Some Reflections on Muslims & Interfaith Dialogue (Part 1)

Q&A With Maulana Wahiduddin Khan


Q: What do you think people of faith might benefit from interfaith dialogue?

A: Peaceful dialogue is very good and useful in all circumstances. I have personally experienced that interaction and dialogue between people of different faith backgrounds are always useful for all concerned—in terms of intellectual development or in terms of telling people about God and God’s Creation Plan.


Dialogue is necessary for inviting people to God, which is a basic duty and mission for people who have faith in God. I do not think there is any minus point in dialogue at all, provided it is in the form of serious discussion and intellectual exchange, and not polemics or debate.

When you interact and dialogue with others, you exchange thoughts and views. If the other party accepts your views, you gain a companion. And if the other party does not accept your views, if they are not convinced about them, at least you gain valuable experience in terms of intellectual exchange. So, either way, whether or not the other party veers round to accepting your views, you stand to gain from dialogue and interaction.


There’s an important point I need to add here when it comes to the engagement of Muslims in such dialogue. I have participated in several interfaith dialogue initiatives, in India and abroad. But according to my experience, these efforts were not very beneficial. It was not because dialogue is itself not beneficial. Dialogue is always good. The reason that these dialogue initiatives were not very beneficial is that I think Muslims are not very familiar with the process of dialogue. Muslims know only debate, not dialogue. And so, I found that while the other parties were sincerely engaged in trying to promote dialogue, the Muslims who were present in these meetings were not sincere about it, because they only knew how to debate. Always, I have noticed, Muslims use the language of debate. In this regard, I would say that there is an urgent need to bring about reform in Muslim thinking. We have to convince Muslims to abandon the debate method and to opt, instead, for scientific, peaceful, meaningful and positive dialogue.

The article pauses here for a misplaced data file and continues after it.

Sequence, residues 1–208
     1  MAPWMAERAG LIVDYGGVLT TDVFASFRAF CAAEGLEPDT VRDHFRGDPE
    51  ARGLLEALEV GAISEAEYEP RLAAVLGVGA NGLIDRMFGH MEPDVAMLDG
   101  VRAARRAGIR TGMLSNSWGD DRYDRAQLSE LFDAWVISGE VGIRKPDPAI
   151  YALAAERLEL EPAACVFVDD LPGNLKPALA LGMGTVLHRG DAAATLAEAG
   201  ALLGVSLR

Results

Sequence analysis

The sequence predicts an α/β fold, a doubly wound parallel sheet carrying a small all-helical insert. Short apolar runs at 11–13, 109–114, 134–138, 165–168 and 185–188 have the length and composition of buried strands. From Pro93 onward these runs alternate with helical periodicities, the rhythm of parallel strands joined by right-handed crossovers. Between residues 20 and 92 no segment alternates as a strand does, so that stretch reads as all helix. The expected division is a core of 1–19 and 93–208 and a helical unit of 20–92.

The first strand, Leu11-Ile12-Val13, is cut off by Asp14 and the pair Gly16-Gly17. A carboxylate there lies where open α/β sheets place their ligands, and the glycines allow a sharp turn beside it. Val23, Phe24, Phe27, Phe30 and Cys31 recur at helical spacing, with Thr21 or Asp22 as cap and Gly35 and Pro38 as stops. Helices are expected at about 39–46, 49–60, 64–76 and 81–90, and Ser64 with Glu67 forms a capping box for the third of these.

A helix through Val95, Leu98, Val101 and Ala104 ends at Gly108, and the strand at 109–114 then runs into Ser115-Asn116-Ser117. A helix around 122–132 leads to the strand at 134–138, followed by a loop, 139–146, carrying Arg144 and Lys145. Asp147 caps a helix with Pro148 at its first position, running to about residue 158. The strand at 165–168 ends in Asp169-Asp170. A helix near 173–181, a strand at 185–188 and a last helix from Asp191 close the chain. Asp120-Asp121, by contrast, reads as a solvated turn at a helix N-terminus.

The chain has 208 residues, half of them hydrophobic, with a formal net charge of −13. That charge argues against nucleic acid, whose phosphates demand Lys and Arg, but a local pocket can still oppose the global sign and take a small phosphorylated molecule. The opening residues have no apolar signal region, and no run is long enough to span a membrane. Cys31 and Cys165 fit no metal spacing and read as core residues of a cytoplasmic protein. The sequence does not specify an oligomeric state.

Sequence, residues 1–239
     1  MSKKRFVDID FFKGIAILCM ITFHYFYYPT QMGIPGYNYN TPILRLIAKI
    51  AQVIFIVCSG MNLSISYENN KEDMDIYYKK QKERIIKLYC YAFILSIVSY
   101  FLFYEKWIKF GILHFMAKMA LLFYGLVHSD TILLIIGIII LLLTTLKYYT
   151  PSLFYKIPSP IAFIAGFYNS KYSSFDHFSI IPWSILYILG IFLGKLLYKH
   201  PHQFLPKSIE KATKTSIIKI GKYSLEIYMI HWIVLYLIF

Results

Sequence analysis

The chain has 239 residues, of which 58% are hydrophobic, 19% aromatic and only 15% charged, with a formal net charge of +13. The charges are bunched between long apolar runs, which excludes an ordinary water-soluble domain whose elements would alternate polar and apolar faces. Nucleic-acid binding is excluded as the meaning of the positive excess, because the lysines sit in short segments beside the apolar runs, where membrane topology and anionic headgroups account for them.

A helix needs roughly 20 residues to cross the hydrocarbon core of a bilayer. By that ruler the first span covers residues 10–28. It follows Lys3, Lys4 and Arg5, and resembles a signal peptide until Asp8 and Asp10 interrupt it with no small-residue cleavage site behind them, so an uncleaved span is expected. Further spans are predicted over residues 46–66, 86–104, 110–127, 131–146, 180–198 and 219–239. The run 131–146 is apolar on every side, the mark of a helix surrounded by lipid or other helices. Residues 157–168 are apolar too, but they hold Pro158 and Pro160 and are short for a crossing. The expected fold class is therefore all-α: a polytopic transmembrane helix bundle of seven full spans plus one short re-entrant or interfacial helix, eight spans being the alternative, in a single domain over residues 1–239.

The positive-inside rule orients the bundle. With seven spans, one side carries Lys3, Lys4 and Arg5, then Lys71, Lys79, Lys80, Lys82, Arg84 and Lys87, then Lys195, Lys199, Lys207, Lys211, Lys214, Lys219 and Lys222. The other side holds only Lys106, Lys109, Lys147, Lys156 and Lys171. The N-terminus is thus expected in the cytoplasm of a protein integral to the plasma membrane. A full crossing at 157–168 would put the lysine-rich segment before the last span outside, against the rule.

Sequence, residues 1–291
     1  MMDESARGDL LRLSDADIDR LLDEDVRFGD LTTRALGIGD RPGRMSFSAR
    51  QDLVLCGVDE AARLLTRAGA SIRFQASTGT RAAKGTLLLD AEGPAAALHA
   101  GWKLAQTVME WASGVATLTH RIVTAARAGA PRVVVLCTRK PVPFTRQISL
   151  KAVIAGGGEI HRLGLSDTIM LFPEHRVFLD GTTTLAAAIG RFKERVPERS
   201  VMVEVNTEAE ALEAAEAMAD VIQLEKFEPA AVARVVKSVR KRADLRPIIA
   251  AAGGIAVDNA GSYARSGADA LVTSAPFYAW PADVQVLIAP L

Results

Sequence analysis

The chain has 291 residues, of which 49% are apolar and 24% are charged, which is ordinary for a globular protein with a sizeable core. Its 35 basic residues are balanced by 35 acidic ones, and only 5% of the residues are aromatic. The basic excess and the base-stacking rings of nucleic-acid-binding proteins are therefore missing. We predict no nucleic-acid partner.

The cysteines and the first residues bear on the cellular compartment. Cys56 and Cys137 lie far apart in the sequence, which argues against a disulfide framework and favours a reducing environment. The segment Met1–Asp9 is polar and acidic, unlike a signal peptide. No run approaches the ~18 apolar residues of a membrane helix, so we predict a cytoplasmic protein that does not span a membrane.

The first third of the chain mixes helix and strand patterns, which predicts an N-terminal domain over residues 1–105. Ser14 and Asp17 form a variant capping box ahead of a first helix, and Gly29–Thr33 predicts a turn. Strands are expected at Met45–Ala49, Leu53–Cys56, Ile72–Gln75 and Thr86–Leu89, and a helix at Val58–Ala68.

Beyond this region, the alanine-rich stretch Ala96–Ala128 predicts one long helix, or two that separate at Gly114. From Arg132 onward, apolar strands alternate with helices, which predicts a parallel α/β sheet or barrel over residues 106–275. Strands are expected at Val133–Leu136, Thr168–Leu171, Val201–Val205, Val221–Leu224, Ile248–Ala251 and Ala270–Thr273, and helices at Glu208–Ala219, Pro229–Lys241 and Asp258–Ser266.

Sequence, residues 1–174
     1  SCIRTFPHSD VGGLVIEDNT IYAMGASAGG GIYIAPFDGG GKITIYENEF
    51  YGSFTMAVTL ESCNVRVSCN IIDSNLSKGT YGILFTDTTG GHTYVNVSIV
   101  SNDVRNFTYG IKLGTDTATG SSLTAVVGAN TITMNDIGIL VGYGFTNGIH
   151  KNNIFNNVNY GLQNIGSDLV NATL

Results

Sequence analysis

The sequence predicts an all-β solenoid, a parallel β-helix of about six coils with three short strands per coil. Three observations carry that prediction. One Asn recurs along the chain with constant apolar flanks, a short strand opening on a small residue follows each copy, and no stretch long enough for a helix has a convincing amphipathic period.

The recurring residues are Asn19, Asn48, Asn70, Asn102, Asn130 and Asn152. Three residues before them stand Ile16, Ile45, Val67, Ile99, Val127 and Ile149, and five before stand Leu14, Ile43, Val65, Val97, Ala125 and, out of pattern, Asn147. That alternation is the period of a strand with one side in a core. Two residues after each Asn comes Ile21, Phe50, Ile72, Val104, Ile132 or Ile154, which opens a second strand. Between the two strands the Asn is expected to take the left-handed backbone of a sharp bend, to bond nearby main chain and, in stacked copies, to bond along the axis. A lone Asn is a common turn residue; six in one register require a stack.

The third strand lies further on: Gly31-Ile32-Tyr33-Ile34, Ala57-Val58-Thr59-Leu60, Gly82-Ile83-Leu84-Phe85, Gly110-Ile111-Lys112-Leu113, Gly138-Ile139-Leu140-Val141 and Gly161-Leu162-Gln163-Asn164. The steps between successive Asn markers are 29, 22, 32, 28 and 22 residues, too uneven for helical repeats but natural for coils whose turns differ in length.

But even then I am hopeful, because at least through the few dialogue initiatives that some Muslims may presently be participating in, they may gain some useful and valuable experiences. Although Muslims are not very competent to engage in dialogue, every Muslim who has the good fortune of being able to participate in a dialogue will be exposed to some new learning experiences, which may help him reform himself, his thinking, his attitude to others, and his behaviour.

So, I am greatly in favour of interfaith dialogue, and I think that it is a wonderful thing for Muslims, as well as, of course, for everyone else.

Q: There is a saying attributed to the Prophet Muhammad which says: ‘Wisdom is the lost property of the believer; wherever he finds it he has the right to take it’. In the light of this statement, what possibility do you feel there is for Muslims to appreciate and learn from wise and good things in other religions? Do you think that this could be one benefit of dialogue—that people of different faiths could gain positive things from other spiritual traditions through interacting with others?


A: Yes, Muslims must take wise and good things from other religions. But, thishadith is not regarding matters of belief; it is regarding the matters of practical life.


Q: So, do you think it is permissible, according to Islam, for Muslims to learn about and appreciate and praise good things in other religions, which might happen through interfaith dialogue?


A: Yes, certainly! Learning is a continuous process. It has no limits. Even if you have found out the truth with the capital T, you can still learn from others without losing your conviction.


Q: Some Muslims might feel that appreciating good things in other religions may weaken their faith. What do you feel about this attitude? Wouldn’t that make them less enthusiastic about dialogue?


A: This kind of thinking is absolutely wrong. Only ignorant people can speak in this manner. Islam gives you conviction. At the same time, it also gives you kindness or forbearance.


Q: Many Muslims see other faiths as deviant, ignoring or being blind to the good things that many of these religions contain. This is certainly a major barrier to Muslim engagement in interfaith dialogue. Do you think this is a proper Islamic approach?


A: No, this is a communal approach. It is definitely not a genuinely Islamic approach. The communal approach makes one a fanatic, while a truly Islamic approach makes one curious about and sympathetic towards everyone, even for those who follow other religions.


Q: Many Muslims are intolerant of people of other faiths, whom they label askafirs. I think this is a major barrier to Muslim engagement in interfaith dialogue. Who, according to you, are kafirs and how should Muslims relate with them?